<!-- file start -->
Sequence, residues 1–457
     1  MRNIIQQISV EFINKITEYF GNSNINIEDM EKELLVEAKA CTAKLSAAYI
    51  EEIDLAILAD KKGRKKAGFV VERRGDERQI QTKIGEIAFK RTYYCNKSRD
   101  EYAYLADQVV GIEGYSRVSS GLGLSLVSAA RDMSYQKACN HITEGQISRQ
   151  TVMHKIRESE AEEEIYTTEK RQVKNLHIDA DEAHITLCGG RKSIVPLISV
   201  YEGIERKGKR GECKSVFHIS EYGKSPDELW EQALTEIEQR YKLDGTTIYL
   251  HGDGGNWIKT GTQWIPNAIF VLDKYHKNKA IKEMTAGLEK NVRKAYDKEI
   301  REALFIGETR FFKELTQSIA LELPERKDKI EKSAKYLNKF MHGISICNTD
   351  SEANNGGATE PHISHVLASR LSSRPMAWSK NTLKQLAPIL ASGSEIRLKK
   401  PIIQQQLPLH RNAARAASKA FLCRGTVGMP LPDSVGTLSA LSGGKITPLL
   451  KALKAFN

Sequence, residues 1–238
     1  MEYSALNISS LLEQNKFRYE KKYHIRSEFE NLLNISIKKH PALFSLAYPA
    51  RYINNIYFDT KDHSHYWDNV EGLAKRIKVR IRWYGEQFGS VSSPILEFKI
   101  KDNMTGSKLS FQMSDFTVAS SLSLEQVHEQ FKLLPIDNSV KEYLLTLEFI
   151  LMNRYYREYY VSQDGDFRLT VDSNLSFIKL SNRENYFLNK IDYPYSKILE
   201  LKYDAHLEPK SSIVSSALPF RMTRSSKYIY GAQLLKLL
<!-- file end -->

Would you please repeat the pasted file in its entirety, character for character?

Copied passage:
Sequence, residues 1–457
     1  MRNIIQQISV EFINKITEYF GNSNINIEDM EKELLVEAKA CTAKLSAAYI
    51  EEIDLAILAD KKGRKKAGFV VERRGDERQI QTKIGEIAFK RTYYCNKSRD
   101  EYAYLADQVV GIEGYSRVSS GLGLSLVSAA RDMSYQKACN HITEGQISRQ
   151  TVMHKIRESE AEEEIYTTEK RQVKNLHIDA DEAHITLCGG RKSIVPLISV
   201  YEGIERKGKR GECKSVFHIS EYGKSPDELW EQALTEIEQR YKLDGTTIYL
   251  HGDGGNWIKT GTQWIPNAIF VLDKYHKNKA IKEMTAGLEK NVRKAYDKEI
   301  REALFIGETR FFKELTQSIA LELPERKDKI EKSAKYLNKF MHGISICNTD
   351  SEANNGGATE PHISHVLASR LSSRPMAWSK NTLKQLAPIL ASGSEIRLKK
   401  PIIQQQLPLH RNAARAASKA FLCRGTVGMP LPDSVGTLSA LSGGKITPLL
   451  KALKAFN

Sequence, residues 1–238
     1  MEYSALNISS LLEQNKFRYE KKYHIRSEFE NLLNISIKKH PALFSLAYPA
    51  RYINNIYFDT KDHSHYWDNV EGLAKRIKVR IRWYGEQFGS VSSPILEFKI
   101  KDNMTGSKLS FQMSDFTVAS SLSLEQVHEQ FKLLPIDNSV KEYLLTLEFI
   151  LMNRYYREYY VSQDGDFRLT VDSNLSFIKL SNRENYFLNK IDYPYSKILE
   201  LKYDAHLEPK SSIVSSALPF RMTRSSKYIY GAQLLKLL